Interestingly, these results suggest that while socioeconomic status and affluence matter in analyzing recent change, they weren’t as important in understanding the overall layout of urban land. And while the racial composition of neighborhoods is integral to understanding spatial differences in the layout of impervious surfaces throughout the Houston metropolitan area, this dynamic wasn’t as pivotal to driving recent temporal changes. In other words, social dynamics underlying urbanization depend on whether you are looking at it over space or time. And it matters because urbanization has critical implications for us and our environment.

Why studying social dynamics behind urbanization matters

The first reason why studying the social dynamics behind urbanization matters is also the most direct: loss of local ecological habitat. Flora and fauna flounder. Hillsides flatten. Creeks and streams reroute. In their places stand concrete and steel, wood and glass. Billy Collins — the United States poet laureate from 2001–2003 — writes of landscape change in a subdivision of his poem “The Golden Years:”

All I do these drawn-out days
is sit in my kitchen at Pheasant Ridge
where there are no pheasants to be seen
and last time I looked, no ridge.

There is an indirect implication as well: rising flood risks. Impervious surfaces do not soak up heavy rainfalls the same way that natural landscapes do, not to mention the ways in which changing elevations and rerouted waterways rework watersheds. Without nature’s super sponges, water can run roughshod.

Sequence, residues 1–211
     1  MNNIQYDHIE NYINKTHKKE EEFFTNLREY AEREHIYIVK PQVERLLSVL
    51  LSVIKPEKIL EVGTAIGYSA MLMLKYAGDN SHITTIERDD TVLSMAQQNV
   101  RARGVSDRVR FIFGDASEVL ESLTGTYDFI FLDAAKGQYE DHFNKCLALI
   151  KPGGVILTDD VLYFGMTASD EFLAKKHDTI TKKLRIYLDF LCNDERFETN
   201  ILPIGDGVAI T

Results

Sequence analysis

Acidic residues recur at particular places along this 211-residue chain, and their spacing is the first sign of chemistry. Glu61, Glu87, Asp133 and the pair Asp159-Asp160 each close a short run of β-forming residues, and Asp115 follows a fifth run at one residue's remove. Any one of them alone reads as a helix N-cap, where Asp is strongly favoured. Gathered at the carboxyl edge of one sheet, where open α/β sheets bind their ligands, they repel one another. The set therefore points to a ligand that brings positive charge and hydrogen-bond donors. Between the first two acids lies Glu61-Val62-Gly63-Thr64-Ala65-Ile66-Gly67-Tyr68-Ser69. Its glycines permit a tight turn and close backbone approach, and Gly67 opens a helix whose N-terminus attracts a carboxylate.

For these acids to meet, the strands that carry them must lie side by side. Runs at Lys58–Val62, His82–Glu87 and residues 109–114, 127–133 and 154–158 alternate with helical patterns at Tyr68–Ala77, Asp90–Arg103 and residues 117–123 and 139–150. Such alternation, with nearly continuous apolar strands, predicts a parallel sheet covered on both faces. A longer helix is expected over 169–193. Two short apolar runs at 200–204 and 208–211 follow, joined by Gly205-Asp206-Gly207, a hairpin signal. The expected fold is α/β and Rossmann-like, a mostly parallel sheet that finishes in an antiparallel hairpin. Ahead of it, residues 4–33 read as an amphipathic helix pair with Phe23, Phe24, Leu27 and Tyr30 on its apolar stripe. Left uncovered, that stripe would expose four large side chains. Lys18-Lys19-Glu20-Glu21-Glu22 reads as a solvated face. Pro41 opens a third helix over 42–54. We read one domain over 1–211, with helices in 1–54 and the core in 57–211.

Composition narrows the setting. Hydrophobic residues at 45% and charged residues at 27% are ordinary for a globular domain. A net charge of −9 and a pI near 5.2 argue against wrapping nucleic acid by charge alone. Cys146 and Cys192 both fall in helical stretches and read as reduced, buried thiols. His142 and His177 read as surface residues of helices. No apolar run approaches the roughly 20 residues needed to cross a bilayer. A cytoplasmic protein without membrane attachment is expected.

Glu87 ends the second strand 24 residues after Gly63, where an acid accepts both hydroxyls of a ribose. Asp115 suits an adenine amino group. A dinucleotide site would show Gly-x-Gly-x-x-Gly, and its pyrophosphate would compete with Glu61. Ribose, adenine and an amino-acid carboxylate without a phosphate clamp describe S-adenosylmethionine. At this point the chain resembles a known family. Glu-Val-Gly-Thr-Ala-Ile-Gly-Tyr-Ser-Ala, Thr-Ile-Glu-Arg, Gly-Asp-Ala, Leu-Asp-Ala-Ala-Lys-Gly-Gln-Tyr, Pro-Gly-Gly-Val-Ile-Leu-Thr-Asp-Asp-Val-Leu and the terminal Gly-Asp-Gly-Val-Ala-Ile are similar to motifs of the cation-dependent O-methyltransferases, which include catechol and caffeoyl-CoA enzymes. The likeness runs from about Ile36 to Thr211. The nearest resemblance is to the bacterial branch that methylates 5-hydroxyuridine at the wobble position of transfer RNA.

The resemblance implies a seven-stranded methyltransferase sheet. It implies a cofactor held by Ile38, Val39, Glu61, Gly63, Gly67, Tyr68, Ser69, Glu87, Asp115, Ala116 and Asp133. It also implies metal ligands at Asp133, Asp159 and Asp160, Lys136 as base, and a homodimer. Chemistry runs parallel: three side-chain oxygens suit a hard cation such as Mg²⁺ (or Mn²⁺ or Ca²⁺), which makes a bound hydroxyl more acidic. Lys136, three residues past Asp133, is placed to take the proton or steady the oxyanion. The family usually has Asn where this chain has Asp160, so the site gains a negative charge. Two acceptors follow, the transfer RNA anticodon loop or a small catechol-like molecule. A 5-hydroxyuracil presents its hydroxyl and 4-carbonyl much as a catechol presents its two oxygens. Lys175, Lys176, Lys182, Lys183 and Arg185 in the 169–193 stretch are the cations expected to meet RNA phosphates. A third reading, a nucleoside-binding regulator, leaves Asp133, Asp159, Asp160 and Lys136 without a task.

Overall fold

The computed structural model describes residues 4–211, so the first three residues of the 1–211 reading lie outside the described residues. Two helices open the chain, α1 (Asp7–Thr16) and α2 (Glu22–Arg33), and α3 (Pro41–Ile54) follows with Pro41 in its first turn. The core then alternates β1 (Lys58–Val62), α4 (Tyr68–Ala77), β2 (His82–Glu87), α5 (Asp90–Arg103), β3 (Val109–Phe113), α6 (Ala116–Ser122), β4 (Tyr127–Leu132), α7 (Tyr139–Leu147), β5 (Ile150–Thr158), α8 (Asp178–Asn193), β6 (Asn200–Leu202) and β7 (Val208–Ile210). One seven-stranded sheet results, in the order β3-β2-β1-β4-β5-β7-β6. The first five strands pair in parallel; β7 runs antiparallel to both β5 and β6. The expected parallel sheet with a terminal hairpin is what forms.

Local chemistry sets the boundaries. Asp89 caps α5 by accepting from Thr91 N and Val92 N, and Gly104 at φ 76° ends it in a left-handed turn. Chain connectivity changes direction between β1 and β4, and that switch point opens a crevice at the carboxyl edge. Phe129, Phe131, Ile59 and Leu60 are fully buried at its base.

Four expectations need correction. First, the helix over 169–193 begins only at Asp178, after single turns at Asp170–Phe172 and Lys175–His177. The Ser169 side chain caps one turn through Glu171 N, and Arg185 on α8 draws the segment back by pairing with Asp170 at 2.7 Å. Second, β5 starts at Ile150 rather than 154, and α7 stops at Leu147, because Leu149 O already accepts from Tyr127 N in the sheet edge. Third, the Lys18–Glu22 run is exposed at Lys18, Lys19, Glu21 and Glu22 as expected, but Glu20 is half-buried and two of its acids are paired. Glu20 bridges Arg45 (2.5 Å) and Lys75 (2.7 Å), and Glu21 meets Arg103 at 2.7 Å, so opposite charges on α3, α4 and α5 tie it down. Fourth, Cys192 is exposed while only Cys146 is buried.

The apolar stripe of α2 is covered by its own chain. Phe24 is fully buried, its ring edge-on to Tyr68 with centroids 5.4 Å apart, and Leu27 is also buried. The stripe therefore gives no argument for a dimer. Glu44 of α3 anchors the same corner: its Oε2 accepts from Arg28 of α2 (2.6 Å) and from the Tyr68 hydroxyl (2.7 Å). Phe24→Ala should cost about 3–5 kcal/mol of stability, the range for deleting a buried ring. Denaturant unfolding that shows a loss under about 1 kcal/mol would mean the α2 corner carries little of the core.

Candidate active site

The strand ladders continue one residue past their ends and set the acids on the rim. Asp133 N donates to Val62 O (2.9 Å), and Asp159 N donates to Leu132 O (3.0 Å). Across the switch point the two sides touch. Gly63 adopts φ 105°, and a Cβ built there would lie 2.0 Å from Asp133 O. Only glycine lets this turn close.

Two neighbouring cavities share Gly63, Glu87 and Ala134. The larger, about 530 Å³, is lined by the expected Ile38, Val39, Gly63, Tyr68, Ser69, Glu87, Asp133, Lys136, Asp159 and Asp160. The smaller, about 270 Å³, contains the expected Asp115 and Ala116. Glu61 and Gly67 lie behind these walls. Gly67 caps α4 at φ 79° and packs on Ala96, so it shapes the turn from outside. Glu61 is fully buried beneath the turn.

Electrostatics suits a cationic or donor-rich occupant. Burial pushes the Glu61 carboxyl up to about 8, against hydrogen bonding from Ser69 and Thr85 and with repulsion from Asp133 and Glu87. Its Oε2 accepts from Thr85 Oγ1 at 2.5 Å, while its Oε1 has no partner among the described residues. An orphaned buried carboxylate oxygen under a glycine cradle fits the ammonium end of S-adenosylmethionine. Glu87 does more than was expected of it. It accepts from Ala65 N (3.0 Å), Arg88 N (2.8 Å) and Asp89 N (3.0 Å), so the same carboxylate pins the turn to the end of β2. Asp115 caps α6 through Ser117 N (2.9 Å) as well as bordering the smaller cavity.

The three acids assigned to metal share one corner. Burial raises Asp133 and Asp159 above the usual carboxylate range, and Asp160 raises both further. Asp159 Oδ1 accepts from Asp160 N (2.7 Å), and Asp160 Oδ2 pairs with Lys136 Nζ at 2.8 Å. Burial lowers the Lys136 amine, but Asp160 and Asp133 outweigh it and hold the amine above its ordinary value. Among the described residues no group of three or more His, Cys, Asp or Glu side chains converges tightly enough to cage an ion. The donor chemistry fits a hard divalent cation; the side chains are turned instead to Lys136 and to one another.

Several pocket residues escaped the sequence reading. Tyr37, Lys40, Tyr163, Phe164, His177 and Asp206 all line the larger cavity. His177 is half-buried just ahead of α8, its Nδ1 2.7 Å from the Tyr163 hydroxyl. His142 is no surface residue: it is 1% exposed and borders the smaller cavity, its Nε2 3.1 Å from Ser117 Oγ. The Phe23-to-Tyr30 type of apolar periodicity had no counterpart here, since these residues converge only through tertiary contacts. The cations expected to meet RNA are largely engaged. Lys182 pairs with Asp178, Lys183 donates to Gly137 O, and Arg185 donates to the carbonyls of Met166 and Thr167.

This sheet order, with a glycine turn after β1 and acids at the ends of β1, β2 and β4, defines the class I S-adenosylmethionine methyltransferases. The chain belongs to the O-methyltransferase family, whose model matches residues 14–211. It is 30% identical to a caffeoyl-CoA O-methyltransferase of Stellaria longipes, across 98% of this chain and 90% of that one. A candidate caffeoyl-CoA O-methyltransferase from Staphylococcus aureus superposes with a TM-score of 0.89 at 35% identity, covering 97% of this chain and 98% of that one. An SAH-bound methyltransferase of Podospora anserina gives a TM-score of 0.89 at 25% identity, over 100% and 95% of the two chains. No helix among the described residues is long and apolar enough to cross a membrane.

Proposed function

The rising flood risk from urbanization is a story close to Houston’s heart, which not only dealt with Hurricane Harvey, but with an additional series of sometimes catastrophic flood events in recent years. The impacts of these flood events occur unevenly and unequally, as a separate study of Hurricane Harvey damage by one of us found. That study showed Harvey’s flood extent tended to occur not only outside of the 100-year floodplain, but disproportionately in neighborhoods with Black and Hispanic residents. One possibility is that the amount and location of impervious surfaces underlies some of these inequalities.

Rethinking what to do about environmental change

Advocating for urbanization that is less environmentally destructive requires more than just the right tool for the job — it requires every tool in the tool kit. Living more densely, building new flood infrastructure, limiting new development, forgoing ever-expanding freeways, and integrating equitable green planning are all tools at our disposal.

More than this, reshaping local cultures and politics can have deeper impacts. Houston’s market city mentality relaxes land-use policies, downplays environmental impacts and conceives of risk as an individual issue, not a collective one. But as the climate warms, the economic and human tolls of catastrophic flooding from increasingly frequent and extreme weather events necessitate a more collective response, one that links urbanization to the imperatives of a safer, more economically sustainable and more just city.

Kevin T. Smiley is an assistant professor of sociology at Louisiana State University and a former Kinder Scholar. Smiley holds a doctorate in sociology from Rice University. Smiley is the co-author (with Michael O. Emerson) of a book on Houston and Copenhagen, Denmark entitled Market Cities, People Cities (NYU Press).

Christopher R. Hakkenberg is a Kinder Scholar and a postdoctoral scholar in the Global Earth Observation and Dynamics of Ecosystems Lab (GEODE) at Northern Arizona University.